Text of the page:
‘SEO for All’ will explain why web pages – all online material, in fact – should be optimised to make them findable and that – much like web accessibility – this optimisation will not be too great a burden. Online material that has been optimised for findability has a great deal in common with accessible material: it tends to feature tightly focused content built on well-structured foundations. Findable and accessible sites tend to feature appropriate and focused architecture, supported by logical navigation and rich links. Findability works for the standardista and for the consumer.
Why all? Why not just web developers? The world of Web 2.0 is a world in which audience is author, the wisdom of the crowd authoritative. ‘SEO for All’ has it that anyone who writes for the web – do you tweet on a a particular subject or interest? have you reviewed Call of Duty online? – can apply simple guidelines to focus their message; focused messages are good for Google, reach readers and….well, you get the point.
‘SEO for All’ then, not just all webbies, all designers or all developers. Why ‘the missing link’, though? What’s missing?
Or what I learned from Salford Business School’s course in Search & Social Media Marketing
What was missing was a personal awareness of the reality of SEO. I’m writing this at the back end of a 10 week, 4 hours a pop, ‘study when you’re bushed and the kids have gone to bed’ course in Search Engine Optimisation (SEO) and Social Media Marketing run by Salford Business School just down the road from Manchester City Centre. From the general to the particular. Background and details. Beginner to professional. Well, not really. No one gets to be professional in anything after a mere 40 hours.
What you do get though, is a thorough grounding in the principles behind SEO and SMM (the course is acronymed as SSMM – Search and Social Media Marketing), the detailed techniques used in increasing findability and encouraging buzz and exposure to the various tools of the trade. You also get exposure to the real professionals, in the form of a weekly guest lecture by some of the most influential commercial SEO/SSMM organisations in Manchester. The likes of Latitude, MEC Manchester, PushOn and MediaVest. You also get access to SEMPO (international search engine marketing professional organisation) material and certification; the course fee includes 3 separate SEMPO Institute courses and awards. And sandwiches.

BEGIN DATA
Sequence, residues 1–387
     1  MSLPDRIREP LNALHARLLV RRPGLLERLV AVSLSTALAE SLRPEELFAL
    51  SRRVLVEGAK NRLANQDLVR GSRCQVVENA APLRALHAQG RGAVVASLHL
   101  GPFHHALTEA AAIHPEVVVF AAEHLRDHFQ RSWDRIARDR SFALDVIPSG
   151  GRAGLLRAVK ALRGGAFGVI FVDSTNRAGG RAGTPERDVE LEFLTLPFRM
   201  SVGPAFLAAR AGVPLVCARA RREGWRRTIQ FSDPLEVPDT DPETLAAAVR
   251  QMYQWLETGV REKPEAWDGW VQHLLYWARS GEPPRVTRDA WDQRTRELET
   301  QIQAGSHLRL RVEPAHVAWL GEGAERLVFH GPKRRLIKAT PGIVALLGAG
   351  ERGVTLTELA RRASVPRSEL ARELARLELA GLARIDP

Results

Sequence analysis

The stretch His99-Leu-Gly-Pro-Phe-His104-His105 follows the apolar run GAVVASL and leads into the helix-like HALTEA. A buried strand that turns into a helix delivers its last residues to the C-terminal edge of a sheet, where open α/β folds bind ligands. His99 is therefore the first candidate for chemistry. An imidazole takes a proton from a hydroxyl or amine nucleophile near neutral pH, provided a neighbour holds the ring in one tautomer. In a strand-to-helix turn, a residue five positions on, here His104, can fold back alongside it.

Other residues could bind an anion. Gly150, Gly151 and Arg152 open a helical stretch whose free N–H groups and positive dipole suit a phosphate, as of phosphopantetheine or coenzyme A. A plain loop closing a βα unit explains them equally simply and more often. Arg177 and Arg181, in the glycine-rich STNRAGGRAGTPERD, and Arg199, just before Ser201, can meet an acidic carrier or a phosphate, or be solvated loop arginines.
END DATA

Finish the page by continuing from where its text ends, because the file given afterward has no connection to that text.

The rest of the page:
So what’s changed? Well, other than the stunning insight that the vast majority of SEO techniques – and practitioners – are absolutely ethical, the last 10 weeks have shown me that optimising web material so that it is easily findable (or, as appropriate, rises to the top of a search engine results page, or SERP as they are known in the trade) involves processes that, quite simply, complement the whole gamut of web standards.
Earlier in the year Royal Pingdom reported that in 2009 there were 234 million websites, of which 47 million had been created in that year.
Here are some numbers from Blogpulse a couple of days ago:
Almost a MILLION new blog posts today. Clearly it’s not the material that’s not there. Sure, the numbers are at best a rough guide. A blog post can be a single line. There’s no quality control. And no one reads it.
Ah…no one reads it.
Does that matter? Well, yes, it does if what you’ve got to say is relevant, reasoned, reasonable and just plain right! Without going down philosophical back-alleys, common sense tells me that most of us write for an audience. Most of us work for organisations that seek to promote themselves. This is not simply a matter of persuasion; in many (most?) cases, our organisations have an audience that are actually looking for the material we publish.
Let’s be clear about this: ‘our stuff’ is better than ‘their stuff’ (if you dont’ feel that, do it again) and we owe it to the public to make sure that when they want information, they get it from us! When statistics show that almost three-quarters of searchers click on a result from the first page of results, you’d better make sure that’s where your stuff sits.
Just as separation of style, content and behaviour are elements of standards-based, scalable, future-proof websites, findability achieved by Search Engine Optimisation is a vital ingredient in the toolbox of anyone who writes or develops for the web.
Surf: 10 SEO Techniques All Top Websites Should Use (blog: 2008);
Study: Do the Course – Salford Business School’s Search and Social Media Marketing, designed and taught by University of Salford academics and industry professionals;
Read: Building Findable Websites (it’s a book by Aarron Walter – New Riders, 2008). The website also features a Findability Checklist.
Thanks for reading…